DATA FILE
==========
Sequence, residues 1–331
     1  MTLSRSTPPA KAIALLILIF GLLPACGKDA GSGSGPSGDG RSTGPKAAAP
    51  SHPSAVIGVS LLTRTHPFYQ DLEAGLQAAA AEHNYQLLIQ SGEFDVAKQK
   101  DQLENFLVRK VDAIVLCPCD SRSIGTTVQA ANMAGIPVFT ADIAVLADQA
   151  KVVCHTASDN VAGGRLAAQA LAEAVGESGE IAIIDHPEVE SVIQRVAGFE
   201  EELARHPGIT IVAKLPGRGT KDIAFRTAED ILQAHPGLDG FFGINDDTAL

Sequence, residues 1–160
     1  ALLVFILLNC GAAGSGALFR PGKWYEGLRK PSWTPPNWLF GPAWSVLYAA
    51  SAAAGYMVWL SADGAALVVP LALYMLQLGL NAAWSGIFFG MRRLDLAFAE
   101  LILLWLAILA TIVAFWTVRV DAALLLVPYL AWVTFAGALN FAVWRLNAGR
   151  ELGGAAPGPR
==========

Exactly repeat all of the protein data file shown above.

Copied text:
Sequence, residues 1–331
     1  MTLSRSTPPA KAIALLILIF GLLPACGKDA GSGSGPSGDG RSTGPKAAAP
    51  SHPSAVIGVS LLTRTHPFYQ DLEAGLQAAA AEHNYQLLIQ SGEFDVAKQK
   101  DQLENFLVRK VDAIVLCPCD SRSIGTTVQA ANMAGIPVFT ADIAVLADQA
   151  KVVCHTASDN VAGGRLAAQA LAEAVGESGE IAIIDHPEVE SVIQRVAGFE
   201  EELARHPGIT IVAKLPGRGT KDIAFRTAED ILQAHPGLDG FFGINDDTAL

Sequence, residues 1–160
     1  ALLVFILLNC GAAGSGALFR PGKWYEGLRK PSWTPPNWLF GPAWSVLYAA
    51  SAAAGYMVWL SADGAALVVP LALYMLQLGL NAAWSGIFFG MRRLDLAFAE
   101  LILLWLAILA TIVAFWTVRV DAALLLVPYL AWVTFAGALN FAVWRLNAGR
   151  ELGGAAPGPR